Originally an allusion to an unknown horse with a dark coat winning a race, as used in the 1831 novel The Young Duke by Benjamin Disraeli (1804–1881): “ […] and a dark horse, which had never been thought of, […] rushed past the grand stand in sweeping triumph.”
- (idiomatic) Someone who possesses talents or favorable characteristics that are not known or expected by others.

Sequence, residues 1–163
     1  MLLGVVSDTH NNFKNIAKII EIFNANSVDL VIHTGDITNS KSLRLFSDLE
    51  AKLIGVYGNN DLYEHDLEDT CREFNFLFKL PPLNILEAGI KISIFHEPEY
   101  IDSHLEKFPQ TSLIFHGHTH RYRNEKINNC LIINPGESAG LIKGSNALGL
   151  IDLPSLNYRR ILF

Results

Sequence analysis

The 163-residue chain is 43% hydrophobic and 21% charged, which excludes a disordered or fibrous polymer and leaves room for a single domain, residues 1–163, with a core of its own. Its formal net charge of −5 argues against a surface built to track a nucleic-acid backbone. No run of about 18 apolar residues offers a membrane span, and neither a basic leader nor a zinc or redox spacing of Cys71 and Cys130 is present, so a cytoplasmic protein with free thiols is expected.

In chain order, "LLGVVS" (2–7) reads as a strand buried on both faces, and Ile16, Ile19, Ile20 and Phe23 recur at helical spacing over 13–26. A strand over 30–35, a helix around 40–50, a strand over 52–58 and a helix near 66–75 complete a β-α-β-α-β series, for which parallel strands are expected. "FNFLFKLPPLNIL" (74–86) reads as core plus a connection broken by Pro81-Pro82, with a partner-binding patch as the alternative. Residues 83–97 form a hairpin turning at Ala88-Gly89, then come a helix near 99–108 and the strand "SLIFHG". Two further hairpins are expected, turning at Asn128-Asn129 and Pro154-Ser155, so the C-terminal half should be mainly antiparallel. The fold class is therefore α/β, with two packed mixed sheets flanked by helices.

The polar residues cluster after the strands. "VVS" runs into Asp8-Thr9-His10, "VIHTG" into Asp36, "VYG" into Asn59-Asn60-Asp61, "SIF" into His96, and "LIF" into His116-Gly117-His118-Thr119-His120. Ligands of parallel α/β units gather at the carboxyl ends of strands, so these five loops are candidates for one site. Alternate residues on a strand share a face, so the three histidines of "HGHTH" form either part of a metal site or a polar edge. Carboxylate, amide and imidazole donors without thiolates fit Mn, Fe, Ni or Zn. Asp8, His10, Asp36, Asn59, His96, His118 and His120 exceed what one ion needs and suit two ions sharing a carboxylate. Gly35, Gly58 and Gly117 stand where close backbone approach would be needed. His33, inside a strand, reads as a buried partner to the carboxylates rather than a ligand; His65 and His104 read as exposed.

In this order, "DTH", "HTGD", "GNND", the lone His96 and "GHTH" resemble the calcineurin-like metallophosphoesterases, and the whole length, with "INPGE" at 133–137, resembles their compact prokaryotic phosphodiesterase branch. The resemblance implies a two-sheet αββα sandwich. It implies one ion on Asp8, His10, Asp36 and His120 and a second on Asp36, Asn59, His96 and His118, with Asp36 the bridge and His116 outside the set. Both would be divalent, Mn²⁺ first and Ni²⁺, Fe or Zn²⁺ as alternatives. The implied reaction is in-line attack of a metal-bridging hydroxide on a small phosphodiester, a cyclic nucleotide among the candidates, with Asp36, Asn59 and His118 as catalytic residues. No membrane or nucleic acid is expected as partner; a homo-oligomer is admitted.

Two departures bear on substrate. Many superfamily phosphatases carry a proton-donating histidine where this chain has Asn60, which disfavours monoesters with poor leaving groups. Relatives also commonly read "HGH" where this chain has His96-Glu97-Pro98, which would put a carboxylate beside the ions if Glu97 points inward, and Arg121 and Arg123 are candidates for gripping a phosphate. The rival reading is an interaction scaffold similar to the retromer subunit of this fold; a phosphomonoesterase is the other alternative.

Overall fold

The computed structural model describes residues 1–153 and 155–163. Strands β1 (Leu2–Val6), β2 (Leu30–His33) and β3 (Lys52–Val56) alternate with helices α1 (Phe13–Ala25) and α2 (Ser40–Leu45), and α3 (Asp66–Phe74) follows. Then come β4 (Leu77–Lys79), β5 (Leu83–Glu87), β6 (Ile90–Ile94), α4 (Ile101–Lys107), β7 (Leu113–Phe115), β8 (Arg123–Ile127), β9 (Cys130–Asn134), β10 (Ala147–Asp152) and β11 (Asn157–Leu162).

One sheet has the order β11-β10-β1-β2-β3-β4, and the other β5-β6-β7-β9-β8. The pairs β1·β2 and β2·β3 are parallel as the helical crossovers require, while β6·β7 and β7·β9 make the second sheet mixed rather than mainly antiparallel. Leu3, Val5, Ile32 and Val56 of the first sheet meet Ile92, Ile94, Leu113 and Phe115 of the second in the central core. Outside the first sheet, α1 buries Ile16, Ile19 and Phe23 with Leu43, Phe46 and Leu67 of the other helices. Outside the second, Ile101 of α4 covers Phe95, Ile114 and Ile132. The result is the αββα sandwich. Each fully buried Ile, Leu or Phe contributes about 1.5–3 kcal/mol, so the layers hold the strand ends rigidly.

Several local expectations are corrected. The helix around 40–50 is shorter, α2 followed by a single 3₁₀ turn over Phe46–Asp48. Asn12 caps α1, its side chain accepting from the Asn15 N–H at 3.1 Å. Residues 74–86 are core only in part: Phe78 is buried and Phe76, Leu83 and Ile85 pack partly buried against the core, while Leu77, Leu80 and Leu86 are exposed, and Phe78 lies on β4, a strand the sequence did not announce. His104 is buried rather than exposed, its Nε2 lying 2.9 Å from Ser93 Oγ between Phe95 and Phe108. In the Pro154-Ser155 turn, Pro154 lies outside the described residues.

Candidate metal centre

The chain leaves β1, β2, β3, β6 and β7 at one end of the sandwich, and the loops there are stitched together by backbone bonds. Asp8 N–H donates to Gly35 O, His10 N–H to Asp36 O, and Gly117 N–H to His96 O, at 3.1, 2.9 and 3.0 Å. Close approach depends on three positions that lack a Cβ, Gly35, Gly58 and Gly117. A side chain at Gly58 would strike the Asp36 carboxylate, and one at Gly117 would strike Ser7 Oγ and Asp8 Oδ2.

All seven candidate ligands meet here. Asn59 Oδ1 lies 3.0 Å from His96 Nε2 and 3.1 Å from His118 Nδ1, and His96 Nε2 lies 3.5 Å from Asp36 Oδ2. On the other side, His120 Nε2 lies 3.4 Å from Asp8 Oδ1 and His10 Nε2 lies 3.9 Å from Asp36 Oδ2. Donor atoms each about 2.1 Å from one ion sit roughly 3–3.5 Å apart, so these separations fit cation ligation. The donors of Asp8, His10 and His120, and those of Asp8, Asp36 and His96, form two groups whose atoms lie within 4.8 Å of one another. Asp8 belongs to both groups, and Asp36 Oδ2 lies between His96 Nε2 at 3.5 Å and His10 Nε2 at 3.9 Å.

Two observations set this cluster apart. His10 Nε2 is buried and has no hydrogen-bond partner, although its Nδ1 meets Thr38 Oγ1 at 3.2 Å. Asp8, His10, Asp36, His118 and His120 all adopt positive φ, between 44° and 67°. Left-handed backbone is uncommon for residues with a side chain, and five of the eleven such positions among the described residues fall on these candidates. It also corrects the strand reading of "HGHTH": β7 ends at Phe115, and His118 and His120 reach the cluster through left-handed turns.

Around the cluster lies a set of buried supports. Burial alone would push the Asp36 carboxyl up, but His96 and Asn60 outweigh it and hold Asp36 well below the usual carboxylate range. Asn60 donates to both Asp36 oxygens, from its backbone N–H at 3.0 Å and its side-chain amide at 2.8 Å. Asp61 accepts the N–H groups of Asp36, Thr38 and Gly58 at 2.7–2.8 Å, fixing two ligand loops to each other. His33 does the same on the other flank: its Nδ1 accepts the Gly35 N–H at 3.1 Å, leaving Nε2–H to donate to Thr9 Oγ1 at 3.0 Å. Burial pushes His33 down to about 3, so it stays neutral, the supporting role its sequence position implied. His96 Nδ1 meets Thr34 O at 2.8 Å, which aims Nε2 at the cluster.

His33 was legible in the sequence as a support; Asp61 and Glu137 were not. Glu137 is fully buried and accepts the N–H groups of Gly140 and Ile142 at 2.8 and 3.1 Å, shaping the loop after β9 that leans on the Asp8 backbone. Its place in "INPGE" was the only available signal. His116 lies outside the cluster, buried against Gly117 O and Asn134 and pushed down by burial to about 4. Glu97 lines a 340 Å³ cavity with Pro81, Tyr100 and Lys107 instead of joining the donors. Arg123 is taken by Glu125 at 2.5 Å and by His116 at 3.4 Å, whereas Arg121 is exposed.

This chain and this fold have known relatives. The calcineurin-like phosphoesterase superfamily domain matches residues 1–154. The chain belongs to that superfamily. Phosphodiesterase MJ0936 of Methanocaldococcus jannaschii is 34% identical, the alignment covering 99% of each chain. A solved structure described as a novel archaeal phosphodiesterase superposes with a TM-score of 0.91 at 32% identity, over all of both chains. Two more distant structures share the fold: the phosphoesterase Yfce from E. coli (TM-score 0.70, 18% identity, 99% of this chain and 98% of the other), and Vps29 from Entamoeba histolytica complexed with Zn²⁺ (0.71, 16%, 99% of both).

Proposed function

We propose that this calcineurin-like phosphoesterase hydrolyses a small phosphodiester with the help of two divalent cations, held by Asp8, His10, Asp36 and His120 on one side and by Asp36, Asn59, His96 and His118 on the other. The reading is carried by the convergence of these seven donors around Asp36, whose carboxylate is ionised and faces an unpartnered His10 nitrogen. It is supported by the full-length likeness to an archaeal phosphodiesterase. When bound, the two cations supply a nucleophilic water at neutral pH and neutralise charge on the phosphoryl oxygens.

- (idiomatic, politics) A candidate for an election who is nominated unexpectedly, without previously having been discussed or considered as a likely choice.
- Used other than with a figurative or idiomatic meaning: see dark, horse.
- The translations below need to be checked and inserted above into the appropriate translation tables, removing any numbers. Numbers do not necessarily match those in definitions. See instructions at Wiktionary:Entry layout#Translations.